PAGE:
THE OODD GUIDE TO: Surviving Storytime

“Once upon a time they all lived happily ever after.”

Wait a minute. That’s not right!

Let’s try that again.

“Once Upon a Time there was a beautiful princess”… “And they all lived happily ever after.”

Woah! What about the middle of the story? Shall we try again (again)?

“Once Upon a Time there was a beautiful princess”… “RRP £4.99 or $7.99 (CAN).”

Sound familiar?

Storytime is one of those parts of parenting that’s always portrayed through the rosiest of rose-tinted glasses. A moment for you to bond with your young’un via the enriching medium of the story book.

What could be better than that?

Well, let’s be honest, often a lot of things are.

Why?

For a start, the baby has no idea what a ‘story’ is, nor are they aware of the convention that you read all of the pages in order. So you read the first page only to have the book wrestled from your hands and closed to reveal the back cover.

It’s all most frustrating!

It would be very easy for this (often pre-bedtime) ritual to turn into something hugely stressful for the poor parent saddled with reading yet another pass at some mind-numbing tale.

Don’t let that happen to you!

Here’s my OODD Guide TO: Surviving Storytime

1: Don’t Expect a Story

No matter how good the book you choose to share with your little one is, the likelihood is they won’t be focusing on the salient points of the narrative.

Often the babe in question is far more interested in the sound the book’s spine makes when they force it to bend the wrong way than anything the author has plotted. Essentially any time spent reading with a baby should be viewed like watching an episode of The Only Way Is Essex – nothing sensible, clever or barely coherent is going to happen. All you’ll get is incoherent babbling and the overriding wish for the experience to be over (very) quickly.

2: Drop any ‘O.C.D.’ tendencies

If you’re the type of person that is a little ‘precious’ about their things – you know, plastic covers on the sofas and dry cleaning your tea towels – you’ll need to put that aside when reading to a baby.

The process is harrowing – not least to the book in question. You might buy a lovely ‘lift the flap’ book – something beautifully rendered that you need to take out a small mortgage to purchase – yet the baby will have no respect for it, whatsoever. Flaps will be savagely ripped from the pages without ceremony, pages will be chewed up, vomit stains will mask the most beautiful drawings.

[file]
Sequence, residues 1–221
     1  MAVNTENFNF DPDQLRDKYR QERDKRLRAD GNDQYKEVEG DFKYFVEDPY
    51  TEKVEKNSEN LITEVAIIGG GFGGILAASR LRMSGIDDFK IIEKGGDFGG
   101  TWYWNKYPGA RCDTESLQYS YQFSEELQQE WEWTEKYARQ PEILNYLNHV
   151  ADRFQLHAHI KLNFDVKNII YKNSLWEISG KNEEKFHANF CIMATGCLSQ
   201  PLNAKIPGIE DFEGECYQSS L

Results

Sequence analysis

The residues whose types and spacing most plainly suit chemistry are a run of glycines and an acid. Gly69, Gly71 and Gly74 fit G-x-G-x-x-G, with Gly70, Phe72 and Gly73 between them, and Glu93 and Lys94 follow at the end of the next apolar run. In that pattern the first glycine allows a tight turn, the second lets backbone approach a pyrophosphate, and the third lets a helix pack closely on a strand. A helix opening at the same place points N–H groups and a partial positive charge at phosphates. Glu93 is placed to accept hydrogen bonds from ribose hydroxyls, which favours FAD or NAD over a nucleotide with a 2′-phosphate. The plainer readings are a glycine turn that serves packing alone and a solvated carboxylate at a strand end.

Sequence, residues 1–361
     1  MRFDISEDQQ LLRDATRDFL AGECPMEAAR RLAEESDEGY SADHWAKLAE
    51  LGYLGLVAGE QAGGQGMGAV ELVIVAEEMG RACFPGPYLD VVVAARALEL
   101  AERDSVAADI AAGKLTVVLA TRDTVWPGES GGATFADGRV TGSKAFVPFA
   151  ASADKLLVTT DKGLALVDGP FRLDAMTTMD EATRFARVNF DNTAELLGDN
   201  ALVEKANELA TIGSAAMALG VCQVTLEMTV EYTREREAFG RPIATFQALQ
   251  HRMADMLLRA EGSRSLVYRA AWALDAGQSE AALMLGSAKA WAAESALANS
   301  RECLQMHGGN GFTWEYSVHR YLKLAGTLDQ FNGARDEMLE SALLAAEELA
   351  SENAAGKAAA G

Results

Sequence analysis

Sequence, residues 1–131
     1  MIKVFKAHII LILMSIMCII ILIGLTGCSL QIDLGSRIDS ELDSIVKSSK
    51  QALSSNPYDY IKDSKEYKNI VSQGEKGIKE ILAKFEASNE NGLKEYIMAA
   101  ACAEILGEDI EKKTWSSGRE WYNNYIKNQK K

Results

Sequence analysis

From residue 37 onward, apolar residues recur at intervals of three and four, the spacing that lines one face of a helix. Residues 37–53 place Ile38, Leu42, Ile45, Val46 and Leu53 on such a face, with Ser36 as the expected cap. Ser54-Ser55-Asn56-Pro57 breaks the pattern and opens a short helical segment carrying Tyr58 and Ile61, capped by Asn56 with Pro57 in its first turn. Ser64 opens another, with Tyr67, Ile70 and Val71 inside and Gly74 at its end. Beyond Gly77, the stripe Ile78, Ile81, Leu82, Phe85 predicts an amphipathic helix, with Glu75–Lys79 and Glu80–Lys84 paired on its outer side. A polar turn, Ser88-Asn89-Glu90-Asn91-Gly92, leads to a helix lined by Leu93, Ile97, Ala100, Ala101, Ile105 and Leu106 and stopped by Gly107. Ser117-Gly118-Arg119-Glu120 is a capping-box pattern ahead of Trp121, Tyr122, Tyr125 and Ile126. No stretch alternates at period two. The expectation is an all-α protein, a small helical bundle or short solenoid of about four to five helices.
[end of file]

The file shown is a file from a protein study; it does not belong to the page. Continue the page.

Essentially, if you’re going to read it to a child, you have to begin with the mindset that the book is already ruined. Let it go! It’ll be much easier that way. Seriously, if you’d like a kids’ book to stay in pristine condition, never introduce it to a child!

3: Protect your hands

OK – it’s not ‘up there’ with childbirth, but the pain of getting the loose skin on your fingers trapped between the card pages of picture book is not to be sniffed at.

Babies have a unique ability to slam a book closed when you’re at your most vulnerable. Expect paper cuts, bruises and damaged fingers. It’s a tough game – this parenting lark!

If you can, always wear heavy-duty gloves while reading to your child – although this may result in ‘funny looks’ if you do it in public.

4: Choose somewhere comfortable

As soon as the baby is remotely mobile, the child in question will make your experience of reading to them as uncomfortable as possible. They’ll swiftly turn you into a human climbing frame as you valiantly try to act out the story of Snow White or whatever. Expect to be kicked, scratched, stood on, prodded and even bitten as you attempt to complete your newfound narrator role.

Believe me, it will be hell, so it pays to sit somewhere comfortable.

5: Pick the ‘right’ book

It cannot to be understated how important it is to think before choosing a book for your child.